Increased agility and operational efficiency are among the most characteristic traits of contemporary businesses that have adopted the newest generation of technological tools. Firms continue to transition their legacy applications and data storage to both public and private cloud infrastructures. This trend has resulted in reduced on-site hardware, more effective spend management practices and boosts in productivity. Meanwhile, mobile work has increasingly become the norm for enterprises, and cloud-hosted applications that are delivered via the Web rather than through on-premise servers mean that employees can do their jobs from virtually anywhere.
The procurement process stands to benefit just as much from these shifts as other areas of business already have. Cutting-edge technologies have streamlined a number of key processes and resulted in much shorter turnaround times for product development, and they can also drive this kind of efficiency in strategic sourcing practices.
The rise of mobile procurement
It's no secret that smartphones and tablets have become everyday items in contemporary culture, and many businesses are already leveraging the ubiquitousness of these gadgets by implementing bring-your-own-device policies. In a recent column for Spend Matters, Intesource CEO Steve Whiteman suggested that sourcing may soon see a number of benefits from embracing the mobile trend.
"It's only a matter of time before its impact is felt in procurement," wrote Whiteman.
He pointed out that the basic technology that makes mobile work possible for product sourcing is relatively straightforward: It's a smartphone- and tablet-ready version of the digital procurement software that many executives are already using.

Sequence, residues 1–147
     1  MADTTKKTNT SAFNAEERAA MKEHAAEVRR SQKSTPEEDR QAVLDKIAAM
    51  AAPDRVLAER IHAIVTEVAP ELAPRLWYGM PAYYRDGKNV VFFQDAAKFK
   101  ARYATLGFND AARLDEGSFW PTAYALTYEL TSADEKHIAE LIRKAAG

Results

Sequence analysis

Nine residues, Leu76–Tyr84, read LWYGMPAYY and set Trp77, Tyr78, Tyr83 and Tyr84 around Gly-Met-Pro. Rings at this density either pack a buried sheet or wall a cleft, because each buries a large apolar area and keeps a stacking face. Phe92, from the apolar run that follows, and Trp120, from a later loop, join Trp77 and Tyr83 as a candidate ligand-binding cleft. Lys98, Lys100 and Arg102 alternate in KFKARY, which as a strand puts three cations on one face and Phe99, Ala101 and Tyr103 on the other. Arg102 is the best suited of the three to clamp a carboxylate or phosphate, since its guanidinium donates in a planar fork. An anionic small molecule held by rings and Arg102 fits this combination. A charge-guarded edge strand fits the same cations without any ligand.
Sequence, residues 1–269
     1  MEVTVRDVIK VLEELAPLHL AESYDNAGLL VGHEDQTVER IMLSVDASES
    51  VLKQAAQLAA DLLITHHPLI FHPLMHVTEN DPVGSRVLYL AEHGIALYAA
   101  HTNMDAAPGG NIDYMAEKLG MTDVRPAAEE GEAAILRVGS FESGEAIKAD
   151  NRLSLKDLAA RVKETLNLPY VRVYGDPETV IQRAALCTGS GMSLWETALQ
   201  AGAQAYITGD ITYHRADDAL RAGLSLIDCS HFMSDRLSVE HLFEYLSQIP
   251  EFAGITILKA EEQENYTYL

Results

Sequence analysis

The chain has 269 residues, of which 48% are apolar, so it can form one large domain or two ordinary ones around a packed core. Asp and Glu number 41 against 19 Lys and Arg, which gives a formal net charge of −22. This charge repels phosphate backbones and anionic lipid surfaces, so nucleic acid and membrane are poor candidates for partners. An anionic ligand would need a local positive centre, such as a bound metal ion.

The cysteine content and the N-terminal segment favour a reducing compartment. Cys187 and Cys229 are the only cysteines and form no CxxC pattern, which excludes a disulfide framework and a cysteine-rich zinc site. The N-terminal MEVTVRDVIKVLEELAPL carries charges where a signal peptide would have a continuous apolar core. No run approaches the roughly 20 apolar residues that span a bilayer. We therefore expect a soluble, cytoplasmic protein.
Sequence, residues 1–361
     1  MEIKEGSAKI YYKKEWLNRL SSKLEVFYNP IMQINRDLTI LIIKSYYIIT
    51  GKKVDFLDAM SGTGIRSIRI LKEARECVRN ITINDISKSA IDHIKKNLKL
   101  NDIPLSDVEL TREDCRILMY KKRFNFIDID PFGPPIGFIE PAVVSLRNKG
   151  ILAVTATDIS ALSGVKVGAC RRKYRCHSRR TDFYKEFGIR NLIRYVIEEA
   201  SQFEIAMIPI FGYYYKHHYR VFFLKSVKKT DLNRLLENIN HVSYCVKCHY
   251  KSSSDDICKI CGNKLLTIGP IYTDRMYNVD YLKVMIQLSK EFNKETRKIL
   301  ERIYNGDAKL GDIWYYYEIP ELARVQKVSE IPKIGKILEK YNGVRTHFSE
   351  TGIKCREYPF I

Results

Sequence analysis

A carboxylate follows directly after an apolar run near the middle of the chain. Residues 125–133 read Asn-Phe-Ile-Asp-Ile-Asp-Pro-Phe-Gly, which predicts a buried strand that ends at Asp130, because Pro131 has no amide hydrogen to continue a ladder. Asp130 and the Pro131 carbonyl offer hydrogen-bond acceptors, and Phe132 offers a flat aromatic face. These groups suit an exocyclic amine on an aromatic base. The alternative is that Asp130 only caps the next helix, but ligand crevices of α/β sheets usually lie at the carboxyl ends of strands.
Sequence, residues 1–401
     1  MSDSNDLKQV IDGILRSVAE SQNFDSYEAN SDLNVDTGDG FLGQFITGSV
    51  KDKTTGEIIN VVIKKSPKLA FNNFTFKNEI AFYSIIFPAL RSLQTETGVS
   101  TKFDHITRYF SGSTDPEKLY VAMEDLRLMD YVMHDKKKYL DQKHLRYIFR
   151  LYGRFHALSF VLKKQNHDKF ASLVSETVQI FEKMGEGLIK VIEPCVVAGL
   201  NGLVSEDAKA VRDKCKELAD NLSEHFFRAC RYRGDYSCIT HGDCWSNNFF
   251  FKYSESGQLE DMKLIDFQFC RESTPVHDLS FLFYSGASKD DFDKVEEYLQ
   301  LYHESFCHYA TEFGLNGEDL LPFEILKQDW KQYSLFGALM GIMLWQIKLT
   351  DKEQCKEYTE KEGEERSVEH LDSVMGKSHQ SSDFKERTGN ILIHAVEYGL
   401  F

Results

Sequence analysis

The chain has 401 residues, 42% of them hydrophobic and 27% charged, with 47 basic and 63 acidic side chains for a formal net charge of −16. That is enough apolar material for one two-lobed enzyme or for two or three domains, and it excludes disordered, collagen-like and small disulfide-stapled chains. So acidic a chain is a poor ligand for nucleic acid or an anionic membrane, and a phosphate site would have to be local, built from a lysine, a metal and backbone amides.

"With an application that extends the functionality of an e-sourcing solution to mobile devices, buyers can perform many of the same functions on the road as they could at their desk," Whiteman noted.
The benefits of mobile procurement that Whiteman outlined have to do with efficiency and flexibility. The ability to perform work from anywhere transforms downtime - hours spent traveling, for example - into yet another opportunity to carry out sourcing transactions, thereby increasing enterprises' productivity.
Technology cuts waste
Digital tools also have the capability to make some of the production processes that take place throughout supplier networks more sustainable and cost-effective. Peter Lacy, managing director for Accenture Sustainability Services in Asia Pacific region, discussed the connection between technology and waste reduction in a recent post for the GreenBiz blog. He noted that tools such as the cloud and big data are driving the "dematerialization of things." Spotify, for example, has made music a digital rather than physical commodity. The growth of this trend may simultaneously reduce costs and drive sustainability.